Introduction

End of lease cleaning is probably the most important cleaning you’ll ever do. It’s important because, as part of your lease agreement, your landlord requires that you return the property in the same or better condition as when you found it. When you do that, you’ll make your landlord happy…and a happy landlord will return your bond. 

With all this riding on your end of lease cleanout, the task may seem intimidating, especially when your hard-earned cash is on the line. But with some planning and our comprehensive checklists, you can do it efficiently, put a smile on the landlord’s face, and get your bond back.  

 

What exactly is an end of lease clean?

You could say it’s spring cleaning on steroids. An end of lease clean is the process you go through when your tenancy concludes, and it’s far more detailed than the occasional clean you’d give your rented home (or rented office/commercial premises) while you were occupying the property. The final result must meet the terms of your lease agreement so that the vacant property can be offered in good condition to a prospective new tenant.

 

Planning ahead

Take a Boy Scout approach to your cleanout: Be Prepared! By planning ahead, step by step, you can transform a daunting cleanout into a series of easily manageable tasks. This schedule shows how to put such a plan into action:

 

  • One month before your end of lease

Book professional services that need to be completed before you vacate. For example, your lease will almost certainly state that carpets need to be professionally cleaned. To satisfy this requirement, book a carpet cleaner to come in the day before you hand back the keys.

Other services might include pest control, lawn mowing, or gardening. Go through your lease agreement to check what’s required and, as they say in the classics, lock ‘em in. 

You may also want to consider using a rubbish removal service to quickly remove any unwanted junk. This is a great way to save time and effectively clear out any waste that can be challenging to move or throw out. The best part of this solution is that the rubbish is removed from your home within a few hours.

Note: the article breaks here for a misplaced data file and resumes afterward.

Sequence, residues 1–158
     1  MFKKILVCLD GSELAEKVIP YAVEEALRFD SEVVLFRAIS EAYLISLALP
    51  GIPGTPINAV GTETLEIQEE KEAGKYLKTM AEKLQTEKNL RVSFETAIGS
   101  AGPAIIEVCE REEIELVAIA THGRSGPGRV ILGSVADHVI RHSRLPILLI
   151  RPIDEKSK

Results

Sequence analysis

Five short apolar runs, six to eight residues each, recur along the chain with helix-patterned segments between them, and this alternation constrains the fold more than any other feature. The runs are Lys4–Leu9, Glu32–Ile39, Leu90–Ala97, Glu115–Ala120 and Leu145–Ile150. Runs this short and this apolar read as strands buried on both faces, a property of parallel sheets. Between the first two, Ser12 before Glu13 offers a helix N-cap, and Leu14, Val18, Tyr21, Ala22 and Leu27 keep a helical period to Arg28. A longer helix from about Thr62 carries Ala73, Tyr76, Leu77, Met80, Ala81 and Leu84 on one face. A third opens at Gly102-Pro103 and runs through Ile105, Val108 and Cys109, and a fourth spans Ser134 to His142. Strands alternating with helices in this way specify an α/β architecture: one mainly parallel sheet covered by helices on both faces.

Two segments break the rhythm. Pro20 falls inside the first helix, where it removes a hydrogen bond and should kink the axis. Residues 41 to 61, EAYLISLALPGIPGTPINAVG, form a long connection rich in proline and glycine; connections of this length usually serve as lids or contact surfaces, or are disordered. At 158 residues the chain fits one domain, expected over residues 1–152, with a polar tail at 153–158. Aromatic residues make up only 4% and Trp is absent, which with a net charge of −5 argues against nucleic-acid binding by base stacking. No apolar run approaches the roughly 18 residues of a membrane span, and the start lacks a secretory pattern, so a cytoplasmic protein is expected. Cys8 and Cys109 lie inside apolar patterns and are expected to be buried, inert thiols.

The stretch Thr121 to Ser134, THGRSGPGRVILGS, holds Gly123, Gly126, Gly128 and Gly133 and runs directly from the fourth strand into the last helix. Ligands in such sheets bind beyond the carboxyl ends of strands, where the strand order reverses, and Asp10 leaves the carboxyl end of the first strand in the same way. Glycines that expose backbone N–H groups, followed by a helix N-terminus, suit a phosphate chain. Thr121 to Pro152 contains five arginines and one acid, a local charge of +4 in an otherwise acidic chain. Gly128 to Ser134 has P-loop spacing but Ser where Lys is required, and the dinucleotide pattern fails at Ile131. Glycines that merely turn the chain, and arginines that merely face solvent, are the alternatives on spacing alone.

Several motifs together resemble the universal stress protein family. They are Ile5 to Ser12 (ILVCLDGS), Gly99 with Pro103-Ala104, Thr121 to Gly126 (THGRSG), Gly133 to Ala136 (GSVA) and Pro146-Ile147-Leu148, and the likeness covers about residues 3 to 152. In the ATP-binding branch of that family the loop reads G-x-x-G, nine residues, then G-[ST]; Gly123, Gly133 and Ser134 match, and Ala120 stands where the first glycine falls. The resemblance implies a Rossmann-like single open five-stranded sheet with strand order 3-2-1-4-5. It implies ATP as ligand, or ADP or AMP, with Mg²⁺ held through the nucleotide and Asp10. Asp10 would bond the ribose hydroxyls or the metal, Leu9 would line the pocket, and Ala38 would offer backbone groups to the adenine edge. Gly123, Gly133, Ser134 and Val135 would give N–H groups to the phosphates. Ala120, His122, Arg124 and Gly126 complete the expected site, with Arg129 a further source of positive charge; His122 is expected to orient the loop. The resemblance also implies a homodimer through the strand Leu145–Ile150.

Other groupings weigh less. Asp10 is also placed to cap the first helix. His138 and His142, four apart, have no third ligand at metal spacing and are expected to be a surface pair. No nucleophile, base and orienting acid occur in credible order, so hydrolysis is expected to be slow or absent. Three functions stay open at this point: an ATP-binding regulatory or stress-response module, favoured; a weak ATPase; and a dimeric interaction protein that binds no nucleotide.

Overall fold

While you’re in thinking ahead mode, cancel utilities like power, gas, and internet.

 

  • Seven days before your end of lease

Clean the exterior of the property

A week out, and your end of lease clean should head outdoors. Tidy the exterior of your rental property by removing rubbish e.g. cigarette butts, bottle tops, toys, dead leaves.

Hose and sweep exterior walls to remove dirt and cobwebs.

Replace dead plants and weed the garden. Trim untidy trees and shrubs, mow the lawns (edging the lawn borders will make the area look extra neat) and apply weed killer if required.

Scrub your driveway (or commercial carpark) with warm, soapy water. You might need to invest in oil and grease remover from the hardware store to remove residual oil spill or tyre marks.

That oil remover will come in handy if there are similar stains on the garage floor. While you’re in there, sweep the floor, remove cobwebs and spray the interior and exterior with insect spray.

 

Clean inside your rental property

Remove and wash light fittings. To avoid water spots, dry them properly before you put them back. Check all light globes are working, replace those that aren’t. 

Wipe air conditioners, ceiling fans and smoke alarms.

Clean exhaust fans in the kitchen, bathroom, and toilet. They collect a lot of dust, which will be noticed by your property manager or landlord. It’s imperative you remove and clean them. 

Venetian blinds also attract dust, and each slat should be wiped clean.

Check curtains for dirt and marks. Check if curtains can be washed or drycleaned. If not, a vacuum cleaner might remove dirt and dust.

The final task today is to check the ceiling for fly or inspect spots. Sponge clean the ceiling with a mild detergent in warm water. Test clean a small section to check paint doesn’t come off.

 

  • Three days before your end of lease